Which careers align with your interests and personality?

On your journey to finding the best career for you, you must consider your personality type, preferred working environment, and interests. At this point in your professional life, you may now understand yourself and your ideal working environment much better than you did when you were younger. Let this knowledge guide your search. If you’re unsure about your nature and how it affects your working style, you can take a career assessment online.

Which careers align with your needs?

This question will take you back to the above section, where you evaluated your reasons for transitioning careers. Now that you know what your needs are, you’ll have to find out which careers match up. Consider reserving time to research different careers and industries and talk to people already in those careers, whether they’re friends or someone you connect with at a networking event or on LinkedIn.

Which careers align with your skills and experience?

Here’s where the Jobscan Career Change Tool (above) can really help in your search. Some people may want to completely restart their careers from scratch, but most people will want to find jobs that match their existing skillset. The tool above will help you see which alternative careers are good matches for you and your resume.

Putting together your career change resume and cover letter

Applying for any job requires well thought out materials. Right now, you have an advantage over your younger self because you have accrued skills and experience. However, you may feel at a disadvantage among other candidates whose work histories and resumes are more relevant.

The key to getting a recruiter’s attention is effectively showing how the skills on your resume can transfer to the role and highlighting the ways in which your unique skills make you a standout candidate. You can accomplish this in both your resume and cover letter.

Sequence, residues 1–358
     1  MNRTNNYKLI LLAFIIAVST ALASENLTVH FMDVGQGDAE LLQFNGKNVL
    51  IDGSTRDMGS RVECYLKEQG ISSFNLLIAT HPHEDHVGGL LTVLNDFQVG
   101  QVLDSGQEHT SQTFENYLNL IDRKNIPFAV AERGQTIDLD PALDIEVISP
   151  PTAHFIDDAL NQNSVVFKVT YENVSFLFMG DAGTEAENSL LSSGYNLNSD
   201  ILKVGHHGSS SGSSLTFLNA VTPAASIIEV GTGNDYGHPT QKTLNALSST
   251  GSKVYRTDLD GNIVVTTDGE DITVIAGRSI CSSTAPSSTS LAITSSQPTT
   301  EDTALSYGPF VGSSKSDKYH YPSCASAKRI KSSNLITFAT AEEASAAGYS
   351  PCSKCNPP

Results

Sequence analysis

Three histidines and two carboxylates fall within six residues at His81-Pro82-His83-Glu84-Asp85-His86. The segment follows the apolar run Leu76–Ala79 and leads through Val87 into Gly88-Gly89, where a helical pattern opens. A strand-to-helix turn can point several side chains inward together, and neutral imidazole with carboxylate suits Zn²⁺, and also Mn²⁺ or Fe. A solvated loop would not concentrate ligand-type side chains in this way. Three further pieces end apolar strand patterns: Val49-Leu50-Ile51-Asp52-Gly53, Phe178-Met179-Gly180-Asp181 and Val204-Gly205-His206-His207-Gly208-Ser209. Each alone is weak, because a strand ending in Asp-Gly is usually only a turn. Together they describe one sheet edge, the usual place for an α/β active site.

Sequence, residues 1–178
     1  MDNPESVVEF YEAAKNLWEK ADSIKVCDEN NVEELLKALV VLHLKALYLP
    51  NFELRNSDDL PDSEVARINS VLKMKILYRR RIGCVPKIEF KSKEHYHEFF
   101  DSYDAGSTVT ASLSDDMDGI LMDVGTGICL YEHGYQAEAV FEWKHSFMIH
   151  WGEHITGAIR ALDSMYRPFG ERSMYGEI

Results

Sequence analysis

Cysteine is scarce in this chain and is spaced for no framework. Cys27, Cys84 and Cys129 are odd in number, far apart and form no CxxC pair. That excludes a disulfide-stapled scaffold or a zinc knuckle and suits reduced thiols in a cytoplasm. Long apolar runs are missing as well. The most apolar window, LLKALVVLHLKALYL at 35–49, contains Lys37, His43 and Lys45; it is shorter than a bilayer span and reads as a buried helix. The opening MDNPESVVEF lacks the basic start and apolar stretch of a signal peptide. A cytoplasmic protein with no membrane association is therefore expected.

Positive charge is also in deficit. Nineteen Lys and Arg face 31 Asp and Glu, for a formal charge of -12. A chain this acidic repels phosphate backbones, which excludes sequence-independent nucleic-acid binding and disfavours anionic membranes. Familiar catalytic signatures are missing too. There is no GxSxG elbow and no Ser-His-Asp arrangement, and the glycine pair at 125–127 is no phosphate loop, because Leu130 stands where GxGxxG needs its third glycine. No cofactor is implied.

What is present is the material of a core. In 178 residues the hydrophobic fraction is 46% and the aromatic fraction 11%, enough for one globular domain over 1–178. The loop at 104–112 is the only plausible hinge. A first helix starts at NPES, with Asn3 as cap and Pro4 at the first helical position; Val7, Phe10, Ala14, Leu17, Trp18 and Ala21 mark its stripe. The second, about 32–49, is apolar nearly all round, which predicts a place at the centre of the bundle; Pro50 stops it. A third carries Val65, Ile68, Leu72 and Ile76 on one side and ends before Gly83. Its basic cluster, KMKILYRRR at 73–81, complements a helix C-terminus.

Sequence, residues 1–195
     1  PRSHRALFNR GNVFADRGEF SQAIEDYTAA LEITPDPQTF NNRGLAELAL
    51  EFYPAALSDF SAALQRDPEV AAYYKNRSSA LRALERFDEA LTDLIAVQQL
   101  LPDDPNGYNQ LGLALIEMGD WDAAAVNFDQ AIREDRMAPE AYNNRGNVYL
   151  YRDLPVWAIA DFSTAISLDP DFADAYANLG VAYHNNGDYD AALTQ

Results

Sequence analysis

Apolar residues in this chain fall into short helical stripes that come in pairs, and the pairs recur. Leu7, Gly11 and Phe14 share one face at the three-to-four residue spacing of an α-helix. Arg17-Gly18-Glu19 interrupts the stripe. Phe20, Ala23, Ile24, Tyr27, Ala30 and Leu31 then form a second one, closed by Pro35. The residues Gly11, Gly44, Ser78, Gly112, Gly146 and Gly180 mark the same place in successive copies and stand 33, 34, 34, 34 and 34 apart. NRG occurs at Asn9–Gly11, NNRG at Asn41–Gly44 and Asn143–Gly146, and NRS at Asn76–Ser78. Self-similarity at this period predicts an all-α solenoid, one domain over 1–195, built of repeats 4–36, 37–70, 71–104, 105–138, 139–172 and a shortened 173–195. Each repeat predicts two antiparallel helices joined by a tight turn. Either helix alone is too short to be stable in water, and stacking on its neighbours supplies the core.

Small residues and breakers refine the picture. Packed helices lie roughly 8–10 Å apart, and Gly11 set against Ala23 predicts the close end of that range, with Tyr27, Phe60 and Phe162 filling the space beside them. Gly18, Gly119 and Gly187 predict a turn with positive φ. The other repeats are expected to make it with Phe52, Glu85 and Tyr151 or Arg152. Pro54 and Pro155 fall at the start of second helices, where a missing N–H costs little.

Tips for crafting a career change resume

Tips for writing a career change cover letter

  • Write confidently about your ability to transition to a new role.
  • Communicate what your unique experience can bring to the company.
  • Be specific about your interest in the company.
  • Highlight your transferrable skills.
  • Read more about career change cover letters

Using Jobscan tools in your career search

The Jobscan Career Change tool (at the top of the page) can show you which jobs are best matches based on your current resume. Paste your resume into the tool and find out which careers match up. This tool is great for understanding how your resume presents to applicant tracking systems and recruiters, as well inspiring career change ideas.

The core Jobscan resume optimization tool can be even more beneficial as you progress in your search and begin applying for jobs. You can scan your resume against any job description and see how well your skills and experience line up.